A limitation in Australian contract law is that a clause that seeks to impose a penalty on a contracting party cannot be enforced against that party. A penalty is a condition of a contract where a party who breaches the contract (usually for late payments of goods or services supplied) would be fined (or penalised) for the breach in such a way that is out of proportion to the breach.

For example, if you included a clause in your customer contract whereby you charge a fee of $10/day for late payment on a debt of $10 owed by a customer, and you attempt to collect $70 from the customer on top of the $10 owing because the customer was 7 days late, your claim will not be allowed to proceed because a penalty of $70 on a $10 debt which is overdue for 7 days is totally out of proportion to the loss suffered by you.

However, outside of such an extreme case, when is a penalty a penalty?

Recognising penalty clauses

Over the years, Australian courts have made various determinations on when a clause is a penalty clause:

  1. A penalty clause applies only when a breach of contract has occured, not before;
  2. Credit card late payment fees is not a penalty;
  3. Any fines imposed that are not “extravagant” or “unconscionable” in comparison to the loss incurred by the innocent party is not a penalty.
  4. Any amounts imposed which is considered a “genuine estimate” of possible damage suffered by the innocent party is also not a penalty.

Sources for decisions

The following sources provide reasons for determining whether a clause is a penalty clause or otherwise.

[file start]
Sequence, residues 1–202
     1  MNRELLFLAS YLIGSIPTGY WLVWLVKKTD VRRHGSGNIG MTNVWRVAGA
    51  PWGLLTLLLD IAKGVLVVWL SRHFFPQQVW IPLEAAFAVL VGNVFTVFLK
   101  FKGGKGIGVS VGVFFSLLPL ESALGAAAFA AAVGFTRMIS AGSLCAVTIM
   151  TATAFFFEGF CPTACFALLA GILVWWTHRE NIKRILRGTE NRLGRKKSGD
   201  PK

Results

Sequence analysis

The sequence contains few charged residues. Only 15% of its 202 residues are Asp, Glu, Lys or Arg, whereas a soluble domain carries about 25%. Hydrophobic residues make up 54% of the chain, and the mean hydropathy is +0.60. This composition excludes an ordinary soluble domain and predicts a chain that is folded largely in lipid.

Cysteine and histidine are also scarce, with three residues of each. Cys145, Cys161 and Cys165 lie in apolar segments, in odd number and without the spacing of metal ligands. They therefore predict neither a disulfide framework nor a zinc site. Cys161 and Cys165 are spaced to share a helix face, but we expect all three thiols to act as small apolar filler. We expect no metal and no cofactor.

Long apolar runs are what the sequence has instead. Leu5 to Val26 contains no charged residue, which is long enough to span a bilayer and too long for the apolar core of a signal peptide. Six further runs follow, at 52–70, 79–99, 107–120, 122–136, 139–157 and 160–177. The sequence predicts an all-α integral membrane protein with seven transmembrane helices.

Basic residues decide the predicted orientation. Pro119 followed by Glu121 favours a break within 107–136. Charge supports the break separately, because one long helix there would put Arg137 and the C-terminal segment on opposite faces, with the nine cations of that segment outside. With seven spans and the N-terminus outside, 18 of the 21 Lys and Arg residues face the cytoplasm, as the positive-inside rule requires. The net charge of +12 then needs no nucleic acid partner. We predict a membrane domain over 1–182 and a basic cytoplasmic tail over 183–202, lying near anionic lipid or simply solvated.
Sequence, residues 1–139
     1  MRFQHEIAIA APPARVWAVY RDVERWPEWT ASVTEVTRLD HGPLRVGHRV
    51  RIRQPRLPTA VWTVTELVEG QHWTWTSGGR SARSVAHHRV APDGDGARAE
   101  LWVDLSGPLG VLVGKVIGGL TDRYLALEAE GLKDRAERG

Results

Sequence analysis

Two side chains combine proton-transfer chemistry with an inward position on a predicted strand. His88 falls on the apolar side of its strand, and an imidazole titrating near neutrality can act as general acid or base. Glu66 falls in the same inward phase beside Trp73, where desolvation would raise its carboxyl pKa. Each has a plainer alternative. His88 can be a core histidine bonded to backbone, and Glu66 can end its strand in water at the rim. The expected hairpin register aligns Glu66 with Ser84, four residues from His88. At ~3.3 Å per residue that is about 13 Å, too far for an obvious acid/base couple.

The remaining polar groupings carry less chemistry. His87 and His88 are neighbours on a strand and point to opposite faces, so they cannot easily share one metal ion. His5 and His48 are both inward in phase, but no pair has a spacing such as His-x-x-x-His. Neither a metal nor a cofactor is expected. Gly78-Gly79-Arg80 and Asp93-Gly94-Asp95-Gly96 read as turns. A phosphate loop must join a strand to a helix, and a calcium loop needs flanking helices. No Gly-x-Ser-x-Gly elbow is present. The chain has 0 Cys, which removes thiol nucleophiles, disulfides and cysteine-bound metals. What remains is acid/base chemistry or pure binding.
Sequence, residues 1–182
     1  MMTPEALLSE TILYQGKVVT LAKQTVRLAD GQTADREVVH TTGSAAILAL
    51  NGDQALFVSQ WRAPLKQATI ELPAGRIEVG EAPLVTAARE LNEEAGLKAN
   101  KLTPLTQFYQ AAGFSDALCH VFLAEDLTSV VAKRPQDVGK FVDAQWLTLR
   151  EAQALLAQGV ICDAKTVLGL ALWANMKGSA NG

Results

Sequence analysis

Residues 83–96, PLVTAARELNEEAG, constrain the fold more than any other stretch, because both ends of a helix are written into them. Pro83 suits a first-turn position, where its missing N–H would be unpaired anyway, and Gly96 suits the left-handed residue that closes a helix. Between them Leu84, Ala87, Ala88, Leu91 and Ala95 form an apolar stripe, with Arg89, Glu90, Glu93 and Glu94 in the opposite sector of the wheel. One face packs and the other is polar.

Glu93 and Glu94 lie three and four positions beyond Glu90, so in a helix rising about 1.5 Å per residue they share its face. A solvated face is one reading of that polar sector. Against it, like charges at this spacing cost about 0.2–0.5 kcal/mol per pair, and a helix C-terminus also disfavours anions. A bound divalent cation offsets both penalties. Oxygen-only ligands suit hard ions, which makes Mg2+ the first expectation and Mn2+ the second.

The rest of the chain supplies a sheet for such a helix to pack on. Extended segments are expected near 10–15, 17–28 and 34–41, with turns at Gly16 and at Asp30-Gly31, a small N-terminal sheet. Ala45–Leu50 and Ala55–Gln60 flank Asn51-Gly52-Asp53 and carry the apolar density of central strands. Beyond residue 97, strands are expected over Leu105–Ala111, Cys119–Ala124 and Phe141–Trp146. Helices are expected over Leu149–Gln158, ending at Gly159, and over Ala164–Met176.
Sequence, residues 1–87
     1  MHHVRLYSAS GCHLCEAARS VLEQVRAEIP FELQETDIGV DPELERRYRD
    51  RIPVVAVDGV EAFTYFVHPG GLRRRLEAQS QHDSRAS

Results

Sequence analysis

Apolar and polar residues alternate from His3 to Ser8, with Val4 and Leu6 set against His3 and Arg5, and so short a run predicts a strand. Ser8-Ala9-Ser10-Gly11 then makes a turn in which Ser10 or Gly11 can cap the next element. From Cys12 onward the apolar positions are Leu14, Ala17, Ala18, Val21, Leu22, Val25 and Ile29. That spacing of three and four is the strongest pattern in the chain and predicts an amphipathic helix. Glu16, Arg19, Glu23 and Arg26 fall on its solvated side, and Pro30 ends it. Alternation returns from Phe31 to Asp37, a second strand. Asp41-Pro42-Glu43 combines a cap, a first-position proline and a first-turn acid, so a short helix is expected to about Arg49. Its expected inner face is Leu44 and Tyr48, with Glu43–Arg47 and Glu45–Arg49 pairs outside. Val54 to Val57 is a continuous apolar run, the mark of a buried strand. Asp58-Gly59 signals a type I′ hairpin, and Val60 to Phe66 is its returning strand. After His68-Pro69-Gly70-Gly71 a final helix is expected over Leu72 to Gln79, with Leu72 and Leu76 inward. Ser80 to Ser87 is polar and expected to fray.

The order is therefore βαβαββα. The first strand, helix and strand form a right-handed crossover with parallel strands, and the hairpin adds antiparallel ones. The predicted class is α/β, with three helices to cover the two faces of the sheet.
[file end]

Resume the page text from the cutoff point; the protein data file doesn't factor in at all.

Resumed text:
1. Breach of contract requirement: In Interstar Wholesale Finance Pty Limited v. Integral Home Loans Pty Limited [2008] NSWCA 310, there was no penalty clause in relation to the termination of a contract by Integral Home Loans because they were entitled to terminate the contract if they reasonably believed there was fraudulent activity conducted by Interstar, and which they did.
  2. Credit card late payment fees: On 26 July 2016, the High Court of Australia handed down its decision in Paciocco v Australia and New Zealand Banking Group Limited (ANZ) [2016] FCA 28, which among other things, said that contracts which provide for such late payment fees are not penalty clauses because they did not impose “extravagant” or “unconscionable” amounts in comparison to loss incurred in respect of such late payment.
  3. “Extravagant” and “unconscionable” amounts or “non-genuine pre-estimate” of loss: The test for determining whether a clause can amount to a penalty clause is contained in Dunlop Pneumatic Tyre Company Ltd v New Garage and Motor Company Ltd [1915] AC 79, where the key factors to consider is whether the clause results in unfairness to the party in breach of the contract as the penalty amount would be excessive or extravagant.

As a business owner, seek legal advice before you decide to include a clause for late payment in your business contract as it may not be enforceable.

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